The week of the 2016 Special Olympic Winter Games is a week I will never forget. This was my first time volunteering to be a part of the games, and I cannot stress enough how blessed I am to have been a part of this experience. These athletes changed my life.
When I heard about the opportunity to volunteer at the Games, my first reaction was excitement, and I went to sign up immediately. Then as I realized I would be missing a whole week of classes, I got a bit nervous. I had never missed a class before this. It didn’t take long for me to make the decision that I would go to the Games though, especially after talking with friends, families, and professors who all reassured me that the experience would be so much more than worth it. It was.
I was a volunteer for Indoor Special Events. Working the Indoor Special Events was such a good experience for me because I had the opportunity to work side by side with the athletes. My team provided the athletes with things to do during their downtime when they were not competing in their Outdoor Events. I volunteered to help first with an indoor rowing competition, in which the athletes competed against each other in heats made up of seven competitors. There were two days for timed trial runs, and on the second night, the real competition began. The first, second, and third place finishers of each heat received an award. After rowing had finished, I volunteered with Strive, which is a physical fitness test for each athlete. After each athlete signed in, I was able to take him or her around the fitness stations including a reach test, planking, squatting, and running. It was during this time that I was able to get to know the athletes better because of the one-on -one time I had with them. Among the other activities that were offered to the athletes were dancing, karaoke, and arts and crafts, which I had the opportunity to participate in alongside the athletes.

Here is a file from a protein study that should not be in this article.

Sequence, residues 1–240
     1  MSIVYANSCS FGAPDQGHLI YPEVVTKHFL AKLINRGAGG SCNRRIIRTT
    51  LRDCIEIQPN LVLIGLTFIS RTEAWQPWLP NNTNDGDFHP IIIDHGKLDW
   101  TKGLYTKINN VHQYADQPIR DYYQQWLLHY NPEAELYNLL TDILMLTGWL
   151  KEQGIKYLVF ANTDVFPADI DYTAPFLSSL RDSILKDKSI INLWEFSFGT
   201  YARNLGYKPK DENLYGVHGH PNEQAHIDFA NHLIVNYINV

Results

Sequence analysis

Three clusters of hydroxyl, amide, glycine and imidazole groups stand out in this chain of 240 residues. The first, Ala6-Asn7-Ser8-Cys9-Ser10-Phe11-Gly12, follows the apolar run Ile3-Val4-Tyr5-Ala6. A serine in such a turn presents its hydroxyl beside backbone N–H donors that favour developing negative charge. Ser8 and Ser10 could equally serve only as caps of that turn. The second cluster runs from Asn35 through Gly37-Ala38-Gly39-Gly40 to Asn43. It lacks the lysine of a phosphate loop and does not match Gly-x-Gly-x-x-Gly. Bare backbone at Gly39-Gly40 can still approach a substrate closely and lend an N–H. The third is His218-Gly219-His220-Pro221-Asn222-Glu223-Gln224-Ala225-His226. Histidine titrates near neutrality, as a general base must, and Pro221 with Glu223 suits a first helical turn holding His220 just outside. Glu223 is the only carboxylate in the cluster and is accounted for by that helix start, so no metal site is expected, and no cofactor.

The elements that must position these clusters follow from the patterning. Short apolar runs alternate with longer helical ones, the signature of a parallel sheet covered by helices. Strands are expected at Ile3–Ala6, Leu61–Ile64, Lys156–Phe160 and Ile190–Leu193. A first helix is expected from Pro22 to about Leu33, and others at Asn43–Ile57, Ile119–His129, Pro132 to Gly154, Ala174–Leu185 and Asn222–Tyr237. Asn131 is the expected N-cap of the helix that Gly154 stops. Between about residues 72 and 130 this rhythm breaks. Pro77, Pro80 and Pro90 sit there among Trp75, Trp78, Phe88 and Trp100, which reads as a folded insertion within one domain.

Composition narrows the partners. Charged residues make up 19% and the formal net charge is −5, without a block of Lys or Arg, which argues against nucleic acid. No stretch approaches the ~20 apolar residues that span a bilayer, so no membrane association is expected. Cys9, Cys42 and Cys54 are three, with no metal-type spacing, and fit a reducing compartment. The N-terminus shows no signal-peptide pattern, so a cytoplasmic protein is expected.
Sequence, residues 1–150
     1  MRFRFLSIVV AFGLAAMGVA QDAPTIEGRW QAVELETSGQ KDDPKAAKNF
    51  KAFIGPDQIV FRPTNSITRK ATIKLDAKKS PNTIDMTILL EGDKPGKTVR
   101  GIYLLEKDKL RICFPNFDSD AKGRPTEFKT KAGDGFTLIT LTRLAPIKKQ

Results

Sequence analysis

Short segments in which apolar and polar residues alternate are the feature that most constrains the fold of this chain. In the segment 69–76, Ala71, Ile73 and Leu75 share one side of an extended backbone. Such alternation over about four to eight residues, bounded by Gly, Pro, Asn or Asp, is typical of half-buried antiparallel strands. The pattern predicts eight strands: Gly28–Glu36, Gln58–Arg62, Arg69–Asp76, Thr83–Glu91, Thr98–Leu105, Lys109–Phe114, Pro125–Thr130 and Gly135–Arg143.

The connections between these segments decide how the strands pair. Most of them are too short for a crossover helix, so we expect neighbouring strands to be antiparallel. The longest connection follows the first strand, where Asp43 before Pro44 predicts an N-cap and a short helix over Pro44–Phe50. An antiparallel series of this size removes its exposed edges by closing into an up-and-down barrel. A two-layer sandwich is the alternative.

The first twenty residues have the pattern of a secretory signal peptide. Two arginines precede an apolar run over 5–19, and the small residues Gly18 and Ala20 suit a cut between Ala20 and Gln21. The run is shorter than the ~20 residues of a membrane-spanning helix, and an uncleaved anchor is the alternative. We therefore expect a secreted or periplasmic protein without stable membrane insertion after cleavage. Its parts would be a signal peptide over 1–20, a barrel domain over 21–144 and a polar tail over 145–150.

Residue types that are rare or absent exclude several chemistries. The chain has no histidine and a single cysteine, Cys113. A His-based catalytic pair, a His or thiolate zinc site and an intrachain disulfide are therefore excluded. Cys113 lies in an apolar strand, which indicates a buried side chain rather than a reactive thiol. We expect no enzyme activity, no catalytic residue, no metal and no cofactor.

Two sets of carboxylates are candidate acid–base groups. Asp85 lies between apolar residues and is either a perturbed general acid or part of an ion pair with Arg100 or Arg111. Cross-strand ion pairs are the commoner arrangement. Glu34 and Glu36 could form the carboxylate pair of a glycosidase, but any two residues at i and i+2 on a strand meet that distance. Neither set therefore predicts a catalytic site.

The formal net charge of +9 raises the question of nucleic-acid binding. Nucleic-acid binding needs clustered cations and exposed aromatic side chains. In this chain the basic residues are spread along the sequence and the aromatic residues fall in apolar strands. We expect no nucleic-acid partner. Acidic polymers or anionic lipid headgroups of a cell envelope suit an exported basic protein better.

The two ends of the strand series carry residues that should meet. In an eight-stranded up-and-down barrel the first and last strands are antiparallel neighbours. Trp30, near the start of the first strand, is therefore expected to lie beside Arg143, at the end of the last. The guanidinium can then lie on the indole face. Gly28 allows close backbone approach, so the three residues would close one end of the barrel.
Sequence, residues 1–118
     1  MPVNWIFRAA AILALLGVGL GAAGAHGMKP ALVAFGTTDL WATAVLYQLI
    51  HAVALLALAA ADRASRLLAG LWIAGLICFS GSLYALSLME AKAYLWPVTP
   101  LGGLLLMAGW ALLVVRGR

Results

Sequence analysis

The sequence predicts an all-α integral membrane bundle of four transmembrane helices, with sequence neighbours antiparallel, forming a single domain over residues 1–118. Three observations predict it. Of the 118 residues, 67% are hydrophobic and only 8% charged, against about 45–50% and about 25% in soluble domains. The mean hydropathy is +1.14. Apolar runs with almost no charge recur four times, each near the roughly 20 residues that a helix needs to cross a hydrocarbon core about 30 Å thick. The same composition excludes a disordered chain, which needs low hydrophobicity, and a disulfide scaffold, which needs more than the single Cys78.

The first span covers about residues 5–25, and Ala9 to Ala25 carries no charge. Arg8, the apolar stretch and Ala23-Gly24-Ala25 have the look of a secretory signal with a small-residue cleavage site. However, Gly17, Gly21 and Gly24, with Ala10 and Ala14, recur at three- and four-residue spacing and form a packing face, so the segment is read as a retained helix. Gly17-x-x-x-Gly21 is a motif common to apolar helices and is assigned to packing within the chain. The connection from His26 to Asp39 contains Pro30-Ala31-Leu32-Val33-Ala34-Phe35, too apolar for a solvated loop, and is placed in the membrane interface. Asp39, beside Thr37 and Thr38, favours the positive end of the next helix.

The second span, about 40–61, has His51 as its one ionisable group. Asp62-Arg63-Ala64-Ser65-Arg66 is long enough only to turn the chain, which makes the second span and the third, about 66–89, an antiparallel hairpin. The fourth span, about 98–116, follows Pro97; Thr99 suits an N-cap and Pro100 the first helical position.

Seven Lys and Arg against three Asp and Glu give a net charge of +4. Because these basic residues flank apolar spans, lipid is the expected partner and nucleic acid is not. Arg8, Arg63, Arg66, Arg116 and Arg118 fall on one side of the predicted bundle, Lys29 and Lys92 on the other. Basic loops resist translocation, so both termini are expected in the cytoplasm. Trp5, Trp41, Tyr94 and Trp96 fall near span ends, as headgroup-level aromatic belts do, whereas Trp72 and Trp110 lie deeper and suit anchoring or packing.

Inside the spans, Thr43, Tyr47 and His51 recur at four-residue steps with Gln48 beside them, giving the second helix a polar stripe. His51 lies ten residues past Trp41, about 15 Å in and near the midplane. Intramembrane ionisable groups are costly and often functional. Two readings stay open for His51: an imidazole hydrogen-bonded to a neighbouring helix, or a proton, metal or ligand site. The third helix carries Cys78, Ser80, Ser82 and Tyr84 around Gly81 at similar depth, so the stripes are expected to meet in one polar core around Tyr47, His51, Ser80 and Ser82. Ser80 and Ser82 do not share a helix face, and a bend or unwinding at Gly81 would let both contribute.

One of the things that I loved about my experience with Special Olympics was how much I got to know some of the athletes. They would come up and tell us about the events they had coming up and how they had done in their timed trial runs earlier. After the events they would come back inside and we got to see their medals and hear all about the events. While I was speaking with one of the athletes, I actually found out that he was my cousin! We got to talking and he mentioned his last name, so I asked him to repeat it. When I did this he started spelling, at which point I showed him my nametag. I found out that he lived about half an hour away from me and that he was getting married! I am so happy that I was blessed with the opportunity to meet not only my cousin, but all the athletes as well.
Probably my favorite moment of the games took place on Thursday night at the end of the closing ceremony. The ceremony opened with all of the athletes coming into the large ballroom through a tunnel created by cheering volunteers. Speeches and announcements followed, and then, led by the military and police officers who attended the games, a dance began with the two songs, “The YMCA” and “Who Let the Dogs Out?” The dance then lasted another two hours, during which time I was able to dance with all the athletes I had met over the course of the games, as well as new people I had not yet met. At the end of the dance, when the DJ announced the last song, something happened that I will never forget. Everyone – all athletes, volunteers, parents, staff, military, and police – all joined hands and lined the room. Included in this circle were people of all ages, races, genders, and occupations. In this circle, it didn’t matter who you were, or why you were there – the love and the happiness that was present in that ballroom was tangible.
Special Olympics is an experience that I am so proud and blessed to have been a part of, and I cannot wait to be back, volunteer, and see all the athletes again.